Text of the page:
Flood money

The Trinity River Plan's billion-dollar vision of levees, parks, and ponds has Mayor Ron Kirk--and most of Dallas--spellbound. But engineers warn it could lead to a flooding catastrophe and destroy the same poor neighborhoods it's designed to help.

The levees make protection downtown worse by some measure, anyway. Therefore, Fritz reasons, they're dead. Levees have to make things better, or the Corps can't build them.

But Bill Fickel and his colleagues at the conference table in Fort Worth wag long index fingers in the air and shake their heads no. They have a little list, they say. A system. A formula.

"When the positive effect of the new levees on the property next to them is balanced against their negative effect on property downtown," Fickel says, "we still come out ahead."

Hmmm. So they come out ahead. But do we?

If the plan has trouble holding together as an adventure in engineering, it nevertheless works like a Swiss watch as an exercise in leveraging public money. None of the parts quite meets its own test, dollar-wise, but each one helps to pay for the next in sometimes ingenious ways.

The toll-road project, for example, requires all kinds of fill dirt for use in building up new embankments for the road along the existing levees upriver from downtown--sort of like terraces on the sides of the levees.

The toll people can go dig that dirt out of the bottom of the riverbed, in effect creating the swale or big ditch along the riverbed, at no cost to the city or the Corps.

The whole deal, in fact, is totally dependent on road projects to be carried out by both the Texas Department of Highways and Transportation (TxDot) and the North Texas Tollway Authority (NTTA), which will bring $916 million in road money to the table. Without the road money, the river plan doesn't work financially.

The city hopes to be able to put in a mere $118 million in bond money in order to leverage the $916 million in road money. But that means, in what was originally a flood-control deal, that roads have become the tail that wags the dog.

The toll-road design is for a road that will link the Stemmons Freeway with 175, the C.F. Hawn Freeway. (Don't know where the Hawn Freeway is? That's why the highway department didn't want to spend a lot of money building a way to get to it.)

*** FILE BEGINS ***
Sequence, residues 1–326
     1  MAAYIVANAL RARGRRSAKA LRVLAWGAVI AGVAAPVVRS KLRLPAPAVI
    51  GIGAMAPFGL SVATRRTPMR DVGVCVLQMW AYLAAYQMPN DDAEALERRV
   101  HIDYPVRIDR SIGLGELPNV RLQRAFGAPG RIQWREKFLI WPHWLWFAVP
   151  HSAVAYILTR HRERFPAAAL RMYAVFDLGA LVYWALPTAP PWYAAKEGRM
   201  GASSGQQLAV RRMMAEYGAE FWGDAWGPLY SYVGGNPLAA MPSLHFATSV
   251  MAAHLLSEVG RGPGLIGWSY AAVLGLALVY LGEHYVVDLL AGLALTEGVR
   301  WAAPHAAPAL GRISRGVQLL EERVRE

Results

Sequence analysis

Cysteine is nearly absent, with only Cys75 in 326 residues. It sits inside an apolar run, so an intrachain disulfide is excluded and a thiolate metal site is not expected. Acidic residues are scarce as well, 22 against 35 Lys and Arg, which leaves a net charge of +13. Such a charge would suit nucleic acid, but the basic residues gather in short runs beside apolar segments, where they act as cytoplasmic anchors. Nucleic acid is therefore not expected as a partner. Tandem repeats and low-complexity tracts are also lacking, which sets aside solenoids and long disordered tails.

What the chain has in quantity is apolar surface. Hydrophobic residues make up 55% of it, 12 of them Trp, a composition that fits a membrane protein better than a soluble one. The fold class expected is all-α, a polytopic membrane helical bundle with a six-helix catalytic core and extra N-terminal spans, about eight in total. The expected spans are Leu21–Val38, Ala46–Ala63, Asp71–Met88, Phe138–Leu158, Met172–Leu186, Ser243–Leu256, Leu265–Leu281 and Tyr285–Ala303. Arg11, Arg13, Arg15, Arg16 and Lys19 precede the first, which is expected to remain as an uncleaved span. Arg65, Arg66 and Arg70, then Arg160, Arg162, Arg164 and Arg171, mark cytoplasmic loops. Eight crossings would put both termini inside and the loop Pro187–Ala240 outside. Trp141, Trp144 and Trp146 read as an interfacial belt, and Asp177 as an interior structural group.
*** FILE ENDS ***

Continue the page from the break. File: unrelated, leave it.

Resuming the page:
At a conference table in the regional headquarters of TxDot, planner Sandra Wesch-Schulze concedes that the Lamar Street levee is an important element in making the highway component work financially.

She should know: Wesch-Schulze is often credited with being the genius who figured out how to spin all of these roads and flood projects together into a viable package in the first place.

In order to get state highway money into the deal, she explains, it must be shown that the deal will alleviate traffic congestion in the downtown "mixmaster" and "canyon"--the big snarl where some idiot thought of having all of the region's major freeways meet in the middle of downtown Dallas. The only way to show any improvement there in the projections is by proposing a link--of tollway or highway--between the Stemmons and Hawn Freeways.

Hawn, again?
Wesch-Schulze says the projections assume that 20 years from now, a lot more people will be traveling between the general area of D/FW International Airport and the Balch Springs-Seagoville area.

Well, who knows? Twenty years is a long time. Maybe they'll be expanding that prison in Seagoville a lot.

It's a very thin projection. One of the problems with the plan is that both TxDot and NTTA have said they can't really justify doing much of this stuff much sooner than 23 years from now, unless the city or someone else kicks in a lot of the money, either in the form of cash or land or...

How about a big long levee to carry a new highway over four to five miles of wetlands along the river's eastern bank, in order to get the road down toward that Hawn Freeway?

How important is it for that piece of road to get done?
"If you eliminate the piece from 35E to 175 [the Hawn]," Wesch-Schulze says, "then you get no improvement in the canyon and mixmaster."

No improvement in the canyon-mixmaster interchange downtown means no state highway money. No deal.

And how important is it to give the state that new levee to build its road on? All of a sudden, Wesch-Schulze and a conference-table-full of assistants, all of whom had been firing off numbers like AK-47 bullets up to that point, fall into a mood of gentle imprecision.

"If you don't have the levee, we would have to build a bridge," she says.
A long bridge?
How much would that cost?
No idea.
But a lot more than without it, right?
"It would be more expensive," Wesch-Schulze says with a shrug.
Oh, that. The "more expensive" thing.

But the entire massive billion-dollar-plus thing--the levees, the lakes, the wetlands, the highways, the toll roads, even the hike 'n' bike trail, the whole thing--it barely hangs together by a financial thread, anyway.

The NTTA has informed the city that it can't build the proposed Trinity River Parkway--that shortcut from D/FW to Balch Springs--unless the city kicks in $84 million of the total $394 million cost.

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